"Woe is me, I am ruined because I am a man of unclean lips" Isaiah 6:5
Isaiah's encounter with God in this week's haftarah is an evocative parallel of Moses's experiences in the corresponding Torah portion. Isaiah's reportage is fantastical: God sits upon a high and lofty throne, his robe filling the Temple with six-winged angels surrounding Him. Moses is similarly awed as went up to God (Exodus 19:3) to receive instructions before the giving of the 10 Commandments, the central motif of this week's portion.
Isaiah questions his ability to carry out God's message: "Woe is me, I am ruined because I am a man of unclean lips." What did Moses say when picked by God to be his messenger? "I am slow of speech and slow of tongue". Both Isaiah and Moses experience a tension between their human frailties and God's expectations of them. Both are saved by an angel and a piece of coal: Isaiah is struck by an angel, who comes to him with a hot coal taken from the Temple altar and presses the coal against his lips.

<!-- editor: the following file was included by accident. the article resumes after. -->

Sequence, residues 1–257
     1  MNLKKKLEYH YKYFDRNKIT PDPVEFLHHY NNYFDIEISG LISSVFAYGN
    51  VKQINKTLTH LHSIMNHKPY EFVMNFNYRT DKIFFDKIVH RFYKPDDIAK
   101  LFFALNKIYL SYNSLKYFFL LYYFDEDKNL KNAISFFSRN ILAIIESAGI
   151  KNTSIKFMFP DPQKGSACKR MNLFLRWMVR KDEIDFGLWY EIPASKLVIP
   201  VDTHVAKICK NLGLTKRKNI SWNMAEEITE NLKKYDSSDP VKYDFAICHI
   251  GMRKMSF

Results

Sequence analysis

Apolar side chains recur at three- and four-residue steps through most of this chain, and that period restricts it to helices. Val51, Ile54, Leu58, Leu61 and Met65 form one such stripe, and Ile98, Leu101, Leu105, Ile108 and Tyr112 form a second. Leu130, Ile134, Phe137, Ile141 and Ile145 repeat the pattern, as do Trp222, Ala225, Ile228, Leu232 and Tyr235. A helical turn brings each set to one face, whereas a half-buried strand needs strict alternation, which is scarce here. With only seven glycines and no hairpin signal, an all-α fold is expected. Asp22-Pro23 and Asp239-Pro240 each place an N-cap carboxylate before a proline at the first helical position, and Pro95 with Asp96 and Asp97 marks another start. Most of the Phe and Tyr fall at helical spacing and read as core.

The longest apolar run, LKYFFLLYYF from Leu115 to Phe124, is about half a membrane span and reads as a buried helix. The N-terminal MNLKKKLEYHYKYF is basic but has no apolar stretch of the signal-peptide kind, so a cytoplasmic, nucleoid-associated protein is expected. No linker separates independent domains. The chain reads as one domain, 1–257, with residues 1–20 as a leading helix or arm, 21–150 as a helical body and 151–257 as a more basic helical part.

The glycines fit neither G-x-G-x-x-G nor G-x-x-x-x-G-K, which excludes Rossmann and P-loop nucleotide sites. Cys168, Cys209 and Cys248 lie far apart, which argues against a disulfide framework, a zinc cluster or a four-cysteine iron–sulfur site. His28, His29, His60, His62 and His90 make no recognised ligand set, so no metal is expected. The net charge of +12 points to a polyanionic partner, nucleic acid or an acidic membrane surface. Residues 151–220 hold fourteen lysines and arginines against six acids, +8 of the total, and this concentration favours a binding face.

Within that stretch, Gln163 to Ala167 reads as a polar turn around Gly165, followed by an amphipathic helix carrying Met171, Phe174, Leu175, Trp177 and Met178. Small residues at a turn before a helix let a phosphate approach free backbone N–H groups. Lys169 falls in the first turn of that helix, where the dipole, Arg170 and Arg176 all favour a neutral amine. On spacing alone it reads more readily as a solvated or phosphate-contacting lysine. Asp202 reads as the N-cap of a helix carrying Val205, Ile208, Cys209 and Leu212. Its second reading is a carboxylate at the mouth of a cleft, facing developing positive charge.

Cured of any speech defect, Isaiah has the strength to carry out God's instructions. According to a midrash , Moses is saved from death by a hot coal (Exodus Rabbah 1:26). Pharaoh's advisers were scared that Moses would grow up and usurp the king and a simple test was devised. A gold vessel and a hot coal were put in front of Moses - if Moses reached for the gold, he would die, but if he reached for the coal he would be saved. Just as he was about to touch the gold, the angel Gabriel came and forced his hand to touch the coal, thus saving his life.
Opportunities for transformative moments are often hidden: and like Isaiah and Moses, our challenge is to recognise the signs and find the words to acknowledge them.